The Art of Space Engineering

di Sarah Rogers

The Art of Space Engineering is a podcast which aims to explore the details behind how spacecraft and various payloads come together before launch, and the lessons learned along the way. Episodes feature discussions between faculty, students, and industry professionals on topics including instruments, CubeSats, and various engineering disciplines, to provide a well-rounded overview of what it takes to prepare space systems for  ...   ...  Leggi dettagli

Episodi del podcast

  • Stagione 1

  • #29 - Operating Satellite Constellations at Planet Labs with Deanna Farago

    #29 - Operating Satellite Constellations at Planet Labs with Deanna Farago

    Episode Summary  This week’s episode features a conversation with Deanna Farago on how Planet Labs manages efficient commissioning and nominal operations for its constellation of over 200 satellites. Planet Labs was founded in 2010 with a goal to collect high resolution imagery of the entire earth every day. Today, Planet’s dataset includes, on average, 1700 images of every place on Earth. This has provided researchers, business, and governments with significant insight into our Earth.   In this episode we dive into how Planet Labs balances commissioning new satellites while continuing to operate existing ones, the tools and automated features enable their constellation to run seamlessly, what aspects of constellation management are not as well known as they should be, and finally what we can learn from reflecting on a decade of operations.  Deanna Farago is the Director of Mission Operations at Planet. Her team is responsible for commissioning and operating the largest Earth-observation constellation of satellites in the world. With an expertise in operations-at-scale, Deanna has written papers and presented at conferences such as Small Satellite, Grace Hopper, and the SpaceOps Conference. Prior to coming to Planet in 2014, Deanna worked as a Simulation Engineer at NASA Ames Research Center performing human-in-the-loop experiments in the Vertical Motion Simulator (VMS). She also worked as the Mission Assurance Manager on the ASTRA project at NASA Jet Propulsion Laboratory which helped to advance Mars surface instruments using a high-altitude balloon test environment.  Timestamps 0:00 - Episode intro 2:39 - Deanna's background  14:00 - Pelican 1 Tech Demo status 19:20 - Commissioning process for Dove fleets 25:28 - Queueing satellite commissioning 28:32 - Megahealth app - contacting satellites post deployment  32:48 - Aside on TLEs and operational experience 39:44 - Looking back on growth over the years 45:50 - Things to consider about operating constellations 50:28 - Episode Outro & other applications  Links  Planet Labs website:  Commissioning the World’s Largest Satellite Constellation (SmallSat 2017):  Automated fleet commissioning workflows at Planet (SmallSat 2021):  Autonomous Monitoring of a Diverse Ground Station Network (SmallSat 21)

  • #28 - Developing the AOS Mission Architecture with Dr. Scott A. Braun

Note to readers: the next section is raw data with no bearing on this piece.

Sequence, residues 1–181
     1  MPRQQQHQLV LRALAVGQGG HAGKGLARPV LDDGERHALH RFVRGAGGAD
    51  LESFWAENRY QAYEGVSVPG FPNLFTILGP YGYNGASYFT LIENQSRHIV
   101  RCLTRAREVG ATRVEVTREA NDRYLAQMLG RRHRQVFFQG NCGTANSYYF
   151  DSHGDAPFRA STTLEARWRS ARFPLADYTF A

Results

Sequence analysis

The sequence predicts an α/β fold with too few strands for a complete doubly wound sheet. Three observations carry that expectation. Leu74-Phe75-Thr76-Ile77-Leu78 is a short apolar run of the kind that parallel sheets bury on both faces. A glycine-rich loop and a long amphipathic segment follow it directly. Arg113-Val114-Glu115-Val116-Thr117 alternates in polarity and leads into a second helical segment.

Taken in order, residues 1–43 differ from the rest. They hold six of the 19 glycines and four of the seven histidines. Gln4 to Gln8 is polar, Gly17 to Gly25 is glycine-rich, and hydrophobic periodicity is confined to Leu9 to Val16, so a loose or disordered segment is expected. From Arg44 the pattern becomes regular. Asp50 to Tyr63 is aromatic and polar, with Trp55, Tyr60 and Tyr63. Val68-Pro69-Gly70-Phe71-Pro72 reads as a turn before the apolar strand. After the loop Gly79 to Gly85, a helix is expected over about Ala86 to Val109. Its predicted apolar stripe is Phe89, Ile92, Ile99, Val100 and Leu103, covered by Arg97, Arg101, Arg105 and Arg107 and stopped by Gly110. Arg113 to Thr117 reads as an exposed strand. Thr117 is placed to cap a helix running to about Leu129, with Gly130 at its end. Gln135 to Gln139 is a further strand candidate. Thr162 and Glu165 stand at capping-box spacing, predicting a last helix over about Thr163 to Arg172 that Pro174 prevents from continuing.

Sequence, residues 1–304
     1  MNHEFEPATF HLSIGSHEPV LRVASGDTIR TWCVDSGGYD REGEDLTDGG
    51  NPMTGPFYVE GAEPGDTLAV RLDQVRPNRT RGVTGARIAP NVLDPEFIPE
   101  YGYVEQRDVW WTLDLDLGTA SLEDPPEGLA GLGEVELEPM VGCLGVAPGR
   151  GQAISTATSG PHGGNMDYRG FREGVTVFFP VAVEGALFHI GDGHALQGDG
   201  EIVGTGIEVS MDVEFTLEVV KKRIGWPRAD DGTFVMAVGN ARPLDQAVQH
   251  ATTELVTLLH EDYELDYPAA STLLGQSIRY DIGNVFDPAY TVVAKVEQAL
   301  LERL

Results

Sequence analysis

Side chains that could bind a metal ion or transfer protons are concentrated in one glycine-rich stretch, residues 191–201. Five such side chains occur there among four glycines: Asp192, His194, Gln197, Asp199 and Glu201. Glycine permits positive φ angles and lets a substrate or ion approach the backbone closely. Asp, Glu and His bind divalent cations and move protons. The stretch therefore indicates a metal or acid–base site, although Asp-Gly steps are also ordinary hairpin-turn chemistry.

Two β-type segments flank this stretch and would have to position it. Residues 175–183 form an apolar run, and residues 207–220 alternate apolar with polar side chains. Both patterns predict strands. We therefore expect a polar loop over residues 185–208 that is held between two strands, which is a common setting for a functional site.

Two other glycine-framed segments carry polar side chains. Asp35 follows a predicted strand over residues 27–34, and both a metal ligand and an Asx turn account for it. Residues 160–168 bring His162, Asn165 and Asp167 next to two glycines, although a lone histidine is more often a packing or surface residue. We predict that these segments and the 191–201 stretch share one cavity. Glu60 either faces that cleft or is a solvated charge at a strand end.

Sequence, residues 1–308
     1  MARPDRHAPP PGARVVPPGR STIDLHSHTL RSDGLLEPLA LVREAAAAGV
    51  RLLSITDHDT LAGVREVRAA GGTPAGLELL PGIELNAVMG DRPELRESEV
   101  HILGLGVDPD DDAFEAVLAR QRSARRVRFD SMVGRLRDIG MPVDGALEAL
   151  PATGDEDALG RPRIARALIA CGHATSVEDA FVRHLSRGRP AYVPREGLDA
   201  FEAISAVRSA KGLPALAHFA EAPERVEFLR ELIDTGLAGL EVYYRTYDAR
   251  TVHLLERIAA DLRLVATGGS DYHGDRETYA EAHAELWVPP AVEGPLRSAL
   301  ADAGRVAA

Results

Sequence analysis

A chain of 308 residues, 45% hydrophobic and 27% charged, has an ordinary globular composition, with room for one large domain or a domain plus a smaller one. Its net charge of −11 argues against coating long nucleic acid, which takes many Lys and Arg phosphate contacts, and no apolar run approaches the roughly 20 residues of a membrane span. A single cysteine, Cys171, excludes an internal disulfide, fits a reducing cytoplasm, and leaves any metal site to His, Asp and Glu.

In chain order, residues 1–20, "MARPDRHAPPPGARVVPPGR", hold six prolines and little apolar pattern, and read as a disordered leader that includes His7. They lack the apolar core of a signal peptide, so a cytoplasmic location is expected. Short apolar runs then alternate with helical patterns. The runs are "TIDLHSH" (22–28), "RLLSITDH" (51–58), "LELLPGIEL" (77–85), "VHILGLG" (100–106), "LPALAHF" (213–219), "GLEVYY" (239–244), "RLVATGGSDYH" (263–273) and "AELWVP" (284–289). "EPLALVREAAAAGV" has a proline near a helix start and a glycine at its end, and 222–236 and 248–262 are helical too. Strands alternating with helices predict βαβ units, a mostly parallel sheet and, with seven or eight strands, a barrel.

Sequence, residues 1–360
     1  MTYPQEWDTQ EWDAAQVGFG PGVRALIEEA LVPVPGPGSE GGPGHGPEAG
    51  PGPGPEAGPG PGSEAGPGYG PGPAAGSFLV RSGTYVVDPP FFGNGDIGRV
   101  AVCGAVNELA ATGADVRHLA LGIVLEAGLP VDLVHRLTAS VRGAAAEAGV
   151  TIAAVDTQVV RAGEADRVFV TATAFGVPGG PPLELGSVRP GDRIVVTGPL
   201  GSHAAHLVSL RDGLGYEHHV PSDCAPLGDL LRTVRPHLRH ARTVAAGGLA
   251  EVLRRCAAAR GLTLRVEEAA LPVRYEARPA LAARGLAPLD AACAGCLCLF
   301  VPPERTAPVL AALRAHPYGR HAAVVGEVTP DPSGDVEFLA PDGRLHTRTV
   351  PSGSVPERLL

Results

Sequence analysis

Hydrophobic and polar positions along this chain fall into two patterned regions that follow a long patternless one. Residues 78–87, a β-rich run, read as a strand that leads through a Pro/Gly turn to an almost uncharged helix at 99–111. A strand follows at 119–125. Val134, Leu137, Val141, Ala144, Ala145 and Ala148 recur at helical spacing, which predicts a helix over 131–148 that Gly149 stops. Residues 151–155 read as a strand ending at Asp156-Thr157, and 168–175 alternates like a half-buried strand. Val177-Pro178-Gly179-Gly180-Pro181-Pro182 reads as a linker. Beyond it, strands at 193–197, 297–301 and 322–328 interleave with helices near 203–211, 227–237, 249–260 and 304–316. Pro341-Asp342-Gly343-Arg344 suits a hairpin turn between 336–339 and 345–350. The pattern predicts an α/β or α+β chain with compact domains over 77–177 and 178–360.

#28 - Developing the AOS Mission Architecture with Dr. Scott A. Braun

    Episode Summary NASA’s Atmospheric Observing System (AOS) is a constellation of 4 smallsats which will help characterize aerosol, cloud, convection, and precipitation processes to give insight into extreme weather events as well as climate change. The spacecraft have been designed to compliment each other with their orbits as well as their instrument suite (which includes radar, lidar, limb sensors, polarimeters, and radiometers). AOS was designed to influence the next decade of scientific research in aerosols and cloud processes and enable us to improve our understanding of our Earth. The project is led by NASA Goddard and supported by international partnerships with Japan, Canada, and France, who are developing spacecraft and instruments alike to support this mission. This episode explores the complex study that was undertaken to develop a mission architecture for AOS which could maximize the science return. Over 100 different architectures were developed during the study before the architecture was chosen for AOS. Specifically, we discuss the approach to designing and analyzing different combinations of instruments and spacecraft platforms, and what strategies were used to quantify the impact that each architecture could have on the science objectives. We will also cover How the study trades developed over time, and the challenges associated with an analysis of this scope. Dr. Scott Braun is the Project Scientist for the AOS mission and has been with the program since the study began back in 2018. Dr. Braun is a research meteorologist at NASA Goddard, specializing in hurricanes, and specifically how these form and intensify, including their interaction with the Saharan Air Layer. He has also served as the Principal investigator for NASA’s Hurricane and Severe Storm Sentinel (HS3) mission, and the Project Scientist for TROPICS, the Tropical Rainfall Measuring Mission (TRMM), GOES-R, Global Precipitation Measurement mission. Dr. Braun has received numerous awards including Fellow of the American Meteorological Society, the Goddard Earth Science Achievement Award, the NASA Exceptional Scientific Achievement Medal, and several other group achievement awards. Timestamps 0:00 - Episode Intro 4:36 - Dr. Braun's background 10:56 - Building the AOS architecture study team 13:48 - Approaching the AOS architecture study per the mission objectives 23:31 - Trading performance vs size 26:48 - Quantifying the scientific value 39:36 - Process for narrowing down options 51:32 - Feedback during the study 56:44 - Evaluating new approaches vs continuity with existing missions, challenges associated 1:03:36 - International partnerships 1:05:02 - One thing that could be done differently 1:07:30 - Favorite problem 1:09:06 - Episode Outro Links AOS Project website: Paper on the AOS architecture study:

  • #27 - Europa Clipper Instrument Science Traceability & Alignment Framework with Dr. Laura Jones-Wilson

    #27 - Europa Clipper Instrument Science Traceability & Alignment Framework with Dr. Laura Jones-Wilson